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Choi, D.; Azam, S.; Jakaria, M.; , .; Ahn, J.; Kim, I. Group I mGluRs in Parkinson’s Disease. Encyclopedia. Available online: (accessed on 15 April 2024).
Choi D, Azam S, Jakaria M,  , Ahn J, Kim I. Group I mGluRs in Parkinson’s Disease. Encyclopedia. Available at: Accessed April 15, 2024.
Choi, Dong-Kug, Shofiul Azam, Md. Jakaria,  , Jae-Yong Ahn, In-Su Kim. "Group I mGluRs in Parkinson’s Disease" Encyclopedia, (accessed April 15, 2024).
Choi, D., Azam, S., Jakaria, M., , ., Ahn, J., & Kim, I. (2022, April 21). Group I mGluRs in Parkinson’s Disease. In Encyclopedia.
Choi, Dong-Kug, et al. "Group I mGluRs in Parkinson’s Disease." Encyclopedia. Web. 21 April, 2022.
Group I mGluRs in Parkinson’s Disease

Metabotropic glutamate receptors (mGluRs; members of class C G-protein-coupled receptors) have been shown to modulate excitatory neurotransmission, regulate presynaptic extracellular glutamate levels, and modulate postsynaptic ion channels on dendritic spines. mGluRs were found to activate myriad signalling pathways to regulate synapse formation, long-term potentiation, autophagy, apoptosis, necroptosis, and pro-inflammatory cytokines release. A notorious expression pattern of mGluRs has been evident in several neurodegenerative diseases, including Alzheimer’s disease, Parkinson’s disease, Huntington’s disease, and schizophrenia. Among the several mGluRs, mGluR5 is one of the most investigated types of considered prospective therapeutic targets and potential diagnostic tools in neurodegenerative diseases and neuropsychiatric disorders.

glutamate signalling metabotropic glutamate receptors C G-protein-coupled receptors neurodegenerative diseases

1. Group I mGluRs in Parkinson’s Disease

1.1. Alterations in Basic Signalling

Group I mGluRs have distinct roles and functions in the brain, which have not been well characterised, specifically in disease pathology such as PD. Positron emission tomography (PET) imaging of a chronic PD rat striatum showed transiently increased expression of mGluR1, but not mGluR5, which dramatically decreased with disease progression [1]. In addition, dynamic changes in mGluR1 during disease progression correlate with striatal dopamine transporter downregulation, indicating a correlation with a pathological decrease in general motor activity. Evidence suggests that mGluR5-mediated neurotransmission increases PD and leads to levodopa (L-DOPA)-induced dyskinesia (LID); LID could result from aberrant dopamine-related neural plasticity at glutamate corticostriatal synapses in stratum [2].
The binding potential of the mGluR5 receptor has been seen decreasing in the bilateral caudate-putamen (CP), ipsilateral motor cortex, and somatosensory cortex, eventually in both PD and LID pathology. However, 6-OHDA-induced PD rats did not show any significant alteration in mGluR5 binding potential in those regions upon L-DOPA treatment [3]. L-DOPA treatment substantially increased mGluR5 uptake at the contralateral motor cortex and somatosensory cortex and has been found positively related with abnormal involuntary movement. However, acute regulation of mGluR5 in the cortical astrocytes causes oscillatory Ca2+ and synaptic release of neurotransmitters. Certain changes in Ca2+ signalling might bring about interaction between mGluR5 and NMDA receptors; it has been evident in rat hippocampus that mGluR5 enhanced phosphorylation of NR2B [4]. This evidence suggests that negative allosteric modulation of mGluR5 or any of group I mGluR may provide symptomatic alleviation in Parkinson’s disease via reducing overstimulation of basal ganglia nuclei.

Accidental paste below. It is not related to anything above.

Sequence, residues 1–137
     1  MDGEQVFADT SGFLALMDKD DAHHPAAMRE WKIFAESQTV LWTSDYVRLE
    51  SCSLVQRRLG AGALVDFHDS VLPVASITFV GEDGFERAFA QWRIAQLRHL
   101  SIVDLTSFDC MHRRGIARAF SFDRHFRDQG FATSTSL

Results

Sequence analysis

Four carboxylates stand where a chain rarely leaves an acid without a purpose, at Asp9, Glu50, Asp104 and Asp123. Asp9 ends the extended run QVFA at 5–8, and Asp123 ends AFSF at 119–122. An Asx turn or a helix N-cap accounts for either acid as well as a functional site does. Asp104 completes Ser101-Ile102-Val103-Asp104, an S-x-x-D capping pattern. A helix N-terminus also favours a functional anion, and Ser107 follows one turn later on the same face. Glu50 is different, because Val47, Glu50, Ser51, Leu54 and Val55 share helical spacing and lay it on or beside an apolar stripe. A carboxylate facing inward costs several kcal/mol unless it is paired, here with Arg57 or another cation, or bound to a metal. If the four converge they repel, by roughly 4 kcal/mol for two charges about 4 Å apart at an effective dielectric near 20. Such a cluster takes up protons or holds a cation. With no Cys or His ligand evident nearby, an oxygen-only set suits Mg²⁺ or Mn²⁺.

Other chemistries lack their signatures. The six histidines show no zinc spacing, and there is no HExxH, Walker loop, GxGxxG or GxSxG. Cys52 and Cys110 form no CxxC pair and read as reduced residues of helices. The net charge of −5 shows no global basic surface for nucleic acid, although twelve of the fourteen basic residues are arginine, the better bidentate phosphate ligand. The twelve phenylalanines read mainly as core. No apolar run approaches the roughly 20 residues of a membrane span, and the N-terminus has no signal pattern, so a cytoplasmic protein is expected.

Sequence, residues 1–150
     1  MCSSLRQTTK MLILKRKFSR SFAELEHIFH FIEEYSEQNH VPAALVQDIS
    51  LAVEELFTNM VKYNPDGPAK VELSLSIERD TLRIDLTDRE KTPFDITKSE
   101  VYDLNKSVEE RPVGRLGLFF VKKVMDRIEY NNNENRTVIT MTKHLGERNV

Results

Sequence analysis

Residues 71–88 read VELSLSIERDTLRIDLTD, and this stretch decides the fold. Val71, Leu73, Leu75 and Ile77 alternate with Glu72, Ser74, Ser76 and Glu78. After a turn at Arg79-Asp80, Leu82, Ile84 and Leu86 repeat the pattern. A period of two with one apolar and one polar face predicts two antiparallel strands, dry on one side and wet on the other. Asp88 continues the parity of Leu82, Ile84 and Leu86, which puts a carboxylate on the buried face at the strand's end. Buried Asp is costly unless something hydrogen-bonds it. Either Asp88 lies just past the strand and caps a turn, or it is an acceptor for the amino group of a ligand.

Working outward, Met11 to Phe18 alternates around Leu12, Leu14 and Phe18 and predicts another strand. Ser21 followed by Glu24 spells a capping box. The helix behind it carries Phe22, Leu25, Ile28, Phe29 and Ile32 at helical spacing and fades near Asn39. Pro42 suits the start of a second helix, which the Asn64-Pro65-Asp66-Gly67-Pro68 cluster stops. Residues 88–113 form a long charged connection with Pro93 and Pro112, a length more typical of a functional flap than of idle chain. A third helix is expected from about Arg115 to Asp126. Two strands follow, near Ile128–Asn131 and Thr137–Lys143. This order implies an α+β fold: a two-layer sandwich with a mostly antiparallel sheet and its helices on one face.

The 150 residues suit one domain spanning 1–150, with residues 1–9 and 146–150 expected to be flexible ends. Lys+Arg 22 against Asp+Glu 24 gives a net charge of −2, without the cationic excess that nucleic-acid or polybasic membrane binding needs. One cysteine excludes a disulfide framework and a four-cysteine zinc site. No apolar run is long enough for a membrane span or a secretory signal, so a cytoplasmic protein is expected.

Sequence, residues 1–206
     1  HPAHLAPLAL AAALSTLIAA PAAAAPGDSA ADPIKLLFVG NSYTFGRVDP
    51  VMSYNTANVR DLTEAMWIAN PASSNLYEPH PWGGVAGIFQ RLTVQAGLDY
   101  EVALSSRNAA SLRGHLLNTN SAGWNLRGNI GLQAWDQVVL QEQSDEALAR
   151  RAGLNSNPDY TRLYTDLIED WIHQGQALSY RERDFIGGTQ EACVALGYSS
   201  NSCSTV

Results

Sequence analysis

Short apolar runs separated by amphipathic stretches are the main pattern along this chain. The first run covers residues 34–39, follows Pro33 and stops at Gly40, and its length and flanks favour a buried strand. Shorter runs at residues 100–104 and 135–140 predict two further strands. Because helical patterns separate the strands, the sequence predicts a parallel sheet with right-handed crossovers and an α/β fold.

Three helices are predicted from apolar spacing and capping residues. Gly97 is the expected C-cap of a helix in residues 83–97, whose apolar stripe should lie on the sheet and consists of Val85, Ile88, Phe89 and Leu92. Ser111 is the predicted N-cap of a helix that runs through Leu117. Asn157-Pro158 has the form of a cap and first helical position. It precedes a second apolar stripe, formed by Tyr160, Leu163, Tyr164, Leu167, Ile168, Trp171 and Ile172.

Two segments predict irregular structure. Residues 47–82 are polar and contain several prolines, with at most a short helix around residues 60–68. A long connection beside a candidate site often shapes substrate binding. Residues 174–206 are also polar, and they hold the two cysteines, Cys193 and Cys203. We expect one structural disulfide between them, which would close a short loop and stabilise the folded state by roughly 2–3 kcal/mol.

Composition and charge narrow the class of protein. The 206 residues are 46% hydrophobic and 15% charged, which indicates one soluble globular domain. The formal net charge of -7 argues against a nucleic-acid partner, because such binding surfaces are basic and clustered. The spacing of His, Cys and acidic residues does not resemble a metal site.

1.2. Interaction with α-Synuclein

Aggregation of oligomeric αS species, synaptic dysfunction, and subsequent neuronal cell death are the key pathophysiological feature of synucleinopathy, including PD, which is known, but the precise molecular mechanism or the nature of toxicity during aggregation is unclear. Recent PD-related ones concentrate on extracellular soluble αS oligomers because of their critical role in PD pathogenesis and progression. It is now supposed that αS is released and propagates between neurons in a prion-like fashion [5], so different αS species (monomers, multimers, oligomers, and fibrils) obtain access to the extracellular space, and their postsynaptic action impairs neuronal communication and plasticity. Inconsistent with this hypothesis, a recent one showed that PrPC plays the role of cell surface binding associate for β-sheet-rich protein aggregates [6][7][8], precisely soluble oligomeric αS via NMDAR activation, evoked by mGluR5 [5]. Oligomeric species of αS interact with PrPC via mGluR5, activate Src tyrosine kinase family (SFK) kinase and NMDAR2B, and causes synaptic dysfunction [5]. Thus, blockade of mGluR5-mediated NMDAR phosphorylation could rescue them from synucleinopathies by harmonising synaptic and cognitive functions.
Contrarily, selective modulation of mGluR5 degradation and its intracellular signalling showed protection against αS neurotoxicity in microglia. mGluR5, but not mGluR3, selectively binds to αS at the N-terminal region. This interaction promotes lysosomal degradation of mGluR5 and abrogates neuroinflammation mediated by αS. Treatment with mGluR5 agonist CHPG, not antagonist MTEP, rescued them from αS-induced microglial activation and cytokine release by reducing nuclear factor κB (p65) and TNF-α activation [6][9] (Figure 1). Although it is still to be assured that activation or deactivation of mGluR5 in specific brain cells or regions could protect neuronal cytotoxicity, it is confirmed that the mGluR5-αS complex has a crucial role in PD pathology, and dissociation of this complex could modify pathogenicity.
Biomedicines 10 00864 g003 550
Figure 1. Basic pathway of mGluR5 agonist in PD. Post activation of microglia by the presence of αS at the membrane inactivates membrane receptor mGluR5 and its downstream G-protein. Sequentially activated transcription factors NFκB p65 and TNFα enhance inflammatory cytokine release and induce neurodegeneration. Agonists such as CPHG could ameliorate this pathway by increasing mGluR5 expression via reducing lysosomal degradation, further downregulating related inflammatory signalling activation and subsequent inhibition of microglia-mediated inflammation to prevent neurotoxicity. Created with (accessed on 31 March 2022).

1.3. Modulation of Apoptotic Signalling